Nearly 15% of the US is deficient in B12 and an even higher percentage of people consume less B12 each day than the FDA recommends.  Deficiency rates also go up for older populations.

B12 deficiency can cause tiredness, constipation, nerve problems, and other issues.  If you have a severe deficiency, you could end up with too few healthy red blood cells causing numbness in your hand and feet, mental disorientation, weight loss, and fatigue.

If you are feeling fatigued, eating foods rich in vitamin B12 or taking a supplement just might improve your energy levels.

How Much Vitamin B12 Should You Take?

A simple blood test will tell you if you’re low in vitamin B12.  Low levels may be caused by medical conditions, a low level of B12 absorption by the body, or simply not eating enough foods rich in B12.

The Institute of Medicine’s Food and Nutrition Board recommends that:

  • healthy adult men and women over 19 years old consume 2.4 micrograms of vitamin B12
  • pregnant women consume 2.6 micrograms daily
  • women who are breastfeeding consume 2.8 micrograms daily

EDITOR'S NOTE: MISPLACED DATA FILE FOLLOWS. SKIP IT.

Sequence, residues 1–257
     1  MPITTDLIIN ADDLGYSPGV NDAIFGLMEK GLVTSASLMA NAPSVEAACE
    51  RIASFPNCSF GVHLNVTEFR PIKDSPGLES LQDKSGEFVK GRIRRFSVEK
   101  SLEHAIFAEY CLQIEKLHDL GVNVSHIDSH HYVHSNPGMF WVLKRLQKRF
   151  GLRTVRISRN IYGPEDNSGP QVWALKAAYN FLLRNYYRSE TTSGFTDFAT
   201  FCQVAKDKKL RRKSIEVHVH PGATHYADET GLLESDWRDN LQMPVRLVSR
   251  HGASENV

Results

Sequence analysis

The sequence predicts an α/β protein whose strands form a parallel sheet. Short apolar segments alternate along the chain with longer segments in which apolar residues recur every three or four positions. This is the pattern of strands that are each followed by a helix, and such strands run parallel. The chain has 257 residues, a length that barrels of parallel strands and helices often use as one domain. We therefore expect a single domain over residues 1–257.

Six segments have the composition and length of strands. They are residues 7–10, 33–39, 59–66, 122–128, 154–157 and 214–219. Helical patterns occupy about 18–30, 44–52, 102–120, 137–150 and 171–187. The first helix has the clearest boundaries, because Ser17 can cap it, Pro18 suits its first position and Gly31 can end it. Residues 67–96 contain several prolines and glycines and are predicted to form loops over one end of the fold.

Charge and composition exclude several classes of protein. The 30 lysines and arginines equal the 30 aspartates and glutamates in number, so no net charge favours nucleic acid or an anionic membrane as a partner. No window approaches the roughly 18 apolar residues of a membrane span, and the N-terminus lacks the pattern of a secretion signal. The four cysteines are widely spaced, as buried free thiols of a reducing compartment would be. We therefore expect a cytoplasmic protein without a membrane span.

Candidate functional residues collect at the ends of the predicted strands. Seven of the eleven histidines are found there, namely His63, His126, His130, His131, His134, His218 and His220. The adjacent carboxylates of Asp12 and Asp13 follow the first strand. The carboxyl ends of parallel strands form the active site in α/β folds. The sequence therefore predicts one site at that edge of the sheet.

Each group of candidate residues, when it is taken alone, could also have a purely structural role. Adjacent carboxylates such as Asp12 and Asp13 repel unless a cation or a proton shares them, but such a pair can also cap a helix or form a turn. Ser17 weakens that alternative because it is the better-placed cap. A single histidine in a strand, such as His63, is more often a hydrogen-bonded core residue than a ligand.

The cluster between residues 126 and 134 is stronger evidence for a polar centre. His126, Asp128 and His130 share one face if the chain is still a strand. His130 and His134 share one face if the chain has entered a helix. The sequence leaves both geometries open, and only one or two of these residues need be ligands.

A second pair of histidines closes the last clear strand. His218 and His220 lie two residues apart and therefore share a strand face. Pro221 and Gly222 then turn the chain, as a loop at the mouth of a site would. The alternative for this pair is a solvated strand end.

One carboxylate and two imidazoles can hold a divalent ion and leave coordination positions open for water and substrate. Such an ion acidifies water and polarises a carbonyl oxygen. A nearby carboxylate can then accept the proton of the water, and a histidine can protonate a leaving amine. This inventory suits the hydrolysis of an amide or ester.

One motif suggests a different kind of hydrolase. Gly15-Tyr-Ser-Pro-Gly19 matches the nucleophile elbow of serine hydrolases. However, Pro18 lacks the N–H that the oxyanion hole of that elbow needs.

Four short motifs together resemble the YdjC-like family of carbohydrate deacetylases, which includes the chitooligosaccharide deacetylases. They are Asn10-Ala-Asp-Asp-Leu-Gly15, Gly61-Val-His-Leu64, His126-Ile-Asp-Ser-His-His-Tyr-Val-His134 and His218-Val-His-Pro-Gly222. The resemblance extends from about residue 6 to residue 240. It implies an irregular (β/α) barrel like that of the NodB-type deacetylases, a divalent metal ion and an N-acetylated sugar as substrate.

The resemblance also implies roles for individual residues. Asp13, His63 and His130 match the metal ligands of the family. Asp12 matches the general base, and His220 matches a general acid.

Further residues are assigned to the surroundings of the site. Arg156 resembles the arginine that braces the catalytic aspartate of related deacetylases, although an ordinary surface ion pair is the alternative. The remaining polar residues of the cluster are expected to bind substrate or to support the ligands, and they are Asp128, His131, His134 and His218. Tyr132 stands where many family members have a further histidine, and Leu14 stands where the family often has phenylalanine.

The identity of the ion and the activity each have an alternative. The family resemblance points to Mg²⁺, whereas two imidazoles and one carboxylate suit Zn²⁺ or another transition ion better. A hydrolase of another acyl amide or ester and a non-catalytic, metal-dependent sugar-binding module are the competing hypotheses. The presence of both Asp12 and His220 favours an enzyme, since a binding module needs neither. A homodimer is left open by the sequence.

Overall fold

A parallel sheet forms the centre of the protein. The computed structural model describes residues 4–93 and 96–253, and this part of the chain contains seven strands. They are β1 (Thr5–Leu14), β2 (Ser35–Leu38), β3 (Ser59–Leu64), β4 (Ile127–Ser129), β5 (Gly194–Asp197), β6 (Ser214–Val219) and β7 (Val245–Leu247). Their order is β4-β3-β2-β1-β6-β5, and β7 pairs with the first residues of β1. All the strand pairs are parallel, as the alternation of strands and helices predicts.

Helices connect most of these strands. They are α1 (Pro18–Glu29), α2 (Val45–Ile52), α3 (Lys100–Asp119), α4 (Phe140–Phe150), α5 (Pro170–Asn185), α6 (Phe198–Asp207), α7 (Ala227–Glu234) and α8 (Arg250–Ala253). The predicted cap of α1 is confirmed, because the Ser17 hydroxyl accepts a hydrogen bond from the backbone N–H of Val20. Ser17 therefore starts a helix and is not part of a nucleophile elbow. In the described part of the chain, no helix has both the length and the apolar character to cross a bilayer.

However, due to the absorption rate decreasing with age, people over age 50 may need higher doses to keep the levels in their body healthy.

If you’re low on B12, consider supplementation.


Vitamin B12 plays a key role in transporting oxygen through the blood to support energy production, as well as neurological function.  If you can’t get enough B12 through your diet, take a B12 supplement.

Take Home Message

You’ve got a lot you want to do every day.

Fortunately, you can maintain your energy with the proper diet, drinking plenty of water, exercising regularly, and getting enough sleep

However, when you need an extra boost, taking vitamins D3, C, and B12 may really help.

These three vitamins are critical to the body’s production of energy and many of us don’t get enough of them through our daily diets.

Remember to check with your doctor to determine if these supplements are the right option for you.

About the Author

Greg Porto is a Partner at myMetabolix, a wellness company that helps executives stay healthy while meeting the demands of the executive lifestyle.